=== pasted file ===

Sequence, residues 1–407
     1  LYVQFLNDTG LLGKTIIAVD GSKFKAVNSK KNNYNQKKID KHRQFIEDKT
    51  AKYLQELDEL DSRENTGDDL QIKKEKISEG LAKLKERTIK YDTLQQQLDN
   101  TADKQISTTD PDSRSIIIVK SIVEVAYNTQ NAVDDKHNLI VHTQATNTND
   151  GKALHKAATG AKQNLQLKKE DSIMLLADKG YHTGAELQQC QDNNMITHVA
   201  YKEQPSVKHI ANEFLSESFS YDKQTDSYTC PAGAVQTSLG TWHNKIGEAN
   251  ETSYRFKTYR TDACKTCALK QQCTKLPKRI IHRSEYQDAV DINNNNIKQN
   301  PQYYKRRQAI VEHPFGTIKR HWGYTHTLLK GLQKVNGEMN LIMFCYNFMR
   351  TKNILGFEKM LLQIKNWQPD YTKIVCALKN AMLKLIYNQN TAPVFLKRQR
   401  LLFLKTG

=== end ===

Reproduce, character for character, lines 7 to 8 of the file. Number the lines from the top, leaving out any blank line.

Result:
   251  ETSYRFKTYR TDACKTCALK QQCTKLPKRI IHRSEYQDAV DINNNNIKQN
   301  PQYYKRRQAI VEHPFGTIKR HWGYTHTLLK GLQKVNGEMN LIMFCYNFMR